WHEN YOUR LOVED ONE IS ABUSED IN A NURSING HOME: A PERSONAL STORY

My sister opened the door of our mother’s nursing home room one afternoon just in time to see the nursing assistant hit her. It was a real haymaker that snapped Mother’s head back.

“Why did you hit my mother?” my sister asked.

“I asked her to sit up and she didn’t,” the young woman replied. Our mother was....

….FULL ARTICLE

MARRIED COUPLE MEDICAID ASSET PRESERVATION USING RESOURCE ASSESSMENTS

Medicaid Resource Assessment are an important tool to understand and utilize when one spouse is in need of long term care. A portion of the Medicaid rules is designed to protect the community spouse (spouse at home) from impoverishment and unnecessary dissipation of family assets. Only the institutionalized spouse (spouse in a facility) is required to have assets of $2,000 or less and a pre-paid funeral.

….FULL ARTICLE

CAREGIVER SUPPORT GROUPS: IS THERE ONE THAT’S RIGHT FOR YOU?

If you’re a caregiver, you may have already read articles about the importance of preventing burnout. Usually these articles include a suggestion to join a support group. Perhaps you’re reluctant to do so because you wonder what caregiver groups are all about and whether joining one would really help you.  The overall goal of caregiver support groups is to enhance participants’ coping skills through mutual support and information sharing. Objectives may include:.....

….FULL ARTICLE

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Money has to be the top problem for most second-time-around parents. Food, clothing and medical expenses suddenly increase enormously, but the Social Security check does not increase. Yet many grandparents would not have it any other way. They do not want strangers raising their own flesh and blood.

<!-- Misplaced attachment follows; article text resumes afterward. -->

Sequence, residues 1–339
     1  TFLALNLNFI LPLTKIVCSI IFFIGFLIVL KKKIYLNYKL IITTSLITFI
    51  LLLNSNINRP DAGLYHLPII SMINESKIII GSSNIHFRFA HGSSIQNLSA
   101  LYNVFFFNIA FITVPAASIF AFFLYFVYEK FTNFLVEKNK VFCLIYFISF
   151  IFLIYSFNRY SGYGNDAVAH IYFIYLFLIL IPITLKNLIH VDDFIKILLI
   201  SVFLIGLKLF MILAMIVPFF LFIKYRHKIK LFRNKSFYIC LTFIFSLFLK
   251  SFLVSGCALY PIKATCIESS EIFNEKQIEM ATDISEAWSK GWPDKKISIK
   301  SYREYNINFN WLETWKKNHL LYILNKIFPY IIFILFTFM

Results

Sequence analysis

In Kentucky, relatives parenting children not their own may want to contact Legal Aid of the Bluegrass at (859) 233-4556 to get help. This would include information on the Senior Health Insurance Plan (SHIP) that assists seniors in accessing Medicare, Medicaid, Food Stamps and other government programs.


Substitute parents may also find helpful information by attending the low-cost, one-day Grandparents As Parents (GAP) conference held each March in Lexington. Call (859) 257-5582 or go to www.gapofky.org for more information.

Usually, having to take full parental responsibility for your grandchildren or other children not your own comes with little warning. Grandparents often cartwheel into a world of child neglect and abuse, court proceedings and drug addiction they never knew existed. Grandparents need fast, accurate answers to their questions.


In sorrow and love they take in the little refugees created by military deployment, fatal accidents, incarceration or mental illness. However, 80 percent to 90 percent of the cases where grandparents find themselves raising their children’s children happen because of the biological parents’ addictions to drugs and alcohol.


One of the first things grandparents or others stepping in as fulltime parents should do is go to family court and prove to the judge that it is in the best interests of the child for someone other than the birth parents to have custody and to be awarded that custody. Custody has two components: legal custody and physical custody. Legal custody means being able to make decisions for the child – where the child goes to school, what doctor the child sees in case of illness – or to give permission for the child to play a sport at school that might result in injury. Physical custody refers to where the child lives, eats and sleeps. Sole custody, sometimes called full custody, gives you both legal and physical custody of your relative child. With full custody, grandparents

GRANDPARENTS AS PARENTS

have the complete say on everything.


One important effect of having full custody is lowered stress for the child. Many of these children live in fear they will be abruptly dragged back into the abusive situation they have escaped. If a court has awarded the grandparents custody, the natural parents cannot show up without warning and say, “He’s my kid. I’m taking him now.” At least there will have to be a hearing first.


Children coming out of neglect and abuse sometimes need special parenting methods. Little children often conclude from their experiences in the chaos of a dysfunctional home that adults cannot be trusted, that adults never do what they say they will do. Sometimes children who move from the custody of drunken and/or drug addicted parents to Grandma’s are amazed to find that she doesn’t live in her car and they come home to the same house every day. They are surprised to learn when Grandma says, “We will have dinner at 6 p.m.,” that is when they eat. Sometimes imposing a rigid schedule, at least at first, is helpful in parenting a young child who has been abused or neglected.

MARTHA EVANS SPARKS

Martha Evans Sparks is a Staff Writer for Living Well 60+ Magazine

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